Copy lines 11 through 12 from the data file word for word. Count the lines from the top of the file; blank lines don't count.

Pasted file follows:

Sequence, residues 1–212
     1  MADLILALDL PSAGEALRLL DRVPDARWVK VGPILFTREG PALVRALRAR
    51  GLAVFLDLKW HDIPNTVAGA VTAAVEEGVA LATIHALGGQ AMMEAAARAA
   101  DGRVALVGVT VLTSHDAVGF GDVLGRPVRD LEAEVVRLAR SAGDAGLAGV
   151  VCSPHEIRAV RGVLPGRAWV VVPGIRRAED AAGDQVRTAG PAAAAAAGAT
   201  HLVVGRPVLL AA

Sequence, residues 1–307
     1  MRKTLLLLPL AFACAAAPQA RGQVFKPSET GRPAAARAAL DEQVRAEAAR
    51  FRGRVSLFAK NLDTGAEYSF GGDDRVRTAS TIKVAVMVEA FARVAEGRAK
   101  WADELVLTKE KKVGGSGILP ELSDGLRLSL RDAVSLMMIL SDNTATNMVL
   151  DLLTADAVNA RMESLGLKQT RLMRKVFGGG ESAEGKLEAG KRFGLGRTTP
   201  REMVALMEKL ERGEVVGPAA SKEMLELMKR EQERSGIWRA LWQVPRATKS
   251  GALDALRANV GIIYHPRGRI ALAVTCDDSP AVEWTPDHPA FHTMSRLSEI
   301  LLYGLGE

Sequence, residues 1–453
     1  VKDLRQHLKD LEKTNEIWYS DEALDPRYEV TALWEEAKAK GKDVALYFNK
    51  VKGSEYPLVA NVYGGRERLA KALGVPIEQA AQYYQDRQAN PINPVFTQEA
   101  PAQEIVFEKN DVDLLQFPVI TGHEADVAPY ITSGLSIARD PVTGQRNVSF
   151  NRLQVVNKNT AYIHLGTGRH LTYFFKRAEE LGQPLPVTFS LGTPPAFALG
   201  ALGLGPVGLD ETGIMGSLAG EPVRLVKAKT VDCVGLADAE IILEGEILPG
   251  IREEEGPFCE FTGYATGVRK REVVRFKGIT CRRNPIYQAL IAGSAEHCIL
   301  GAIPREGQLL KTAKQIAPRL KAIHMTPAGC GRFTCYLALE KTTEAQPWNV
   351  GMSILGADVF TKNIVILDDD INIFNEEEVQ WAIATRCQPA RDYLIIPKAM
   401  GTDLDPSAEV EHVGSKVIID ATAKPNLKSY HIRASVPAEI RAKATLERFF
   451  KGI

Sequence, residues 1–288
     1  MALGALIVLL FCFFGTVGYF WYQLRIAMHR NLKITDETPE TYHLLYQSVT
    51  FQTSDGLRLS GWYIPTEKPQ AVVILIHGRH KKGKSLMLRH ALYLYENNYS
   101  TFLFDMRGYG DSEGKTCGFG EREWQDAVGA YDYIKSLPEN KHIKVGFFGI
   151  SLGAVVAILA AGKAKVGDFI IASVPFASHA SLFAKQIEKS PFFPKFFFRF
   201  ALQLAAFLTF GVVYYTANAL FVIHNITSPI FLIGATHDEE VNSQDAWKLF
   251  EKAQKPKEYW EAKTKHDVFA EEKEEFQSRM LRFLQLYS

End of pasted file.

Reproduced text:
   151  DLLTADAVNA RMESLGLKQT RLMRKVFGGG ESAEGKLEAG KRFGLGRTTP
   201  REMVALMEKL ERGEVVGPAA SKEMLELMKR EQERSGIWRA LWQVPRATKS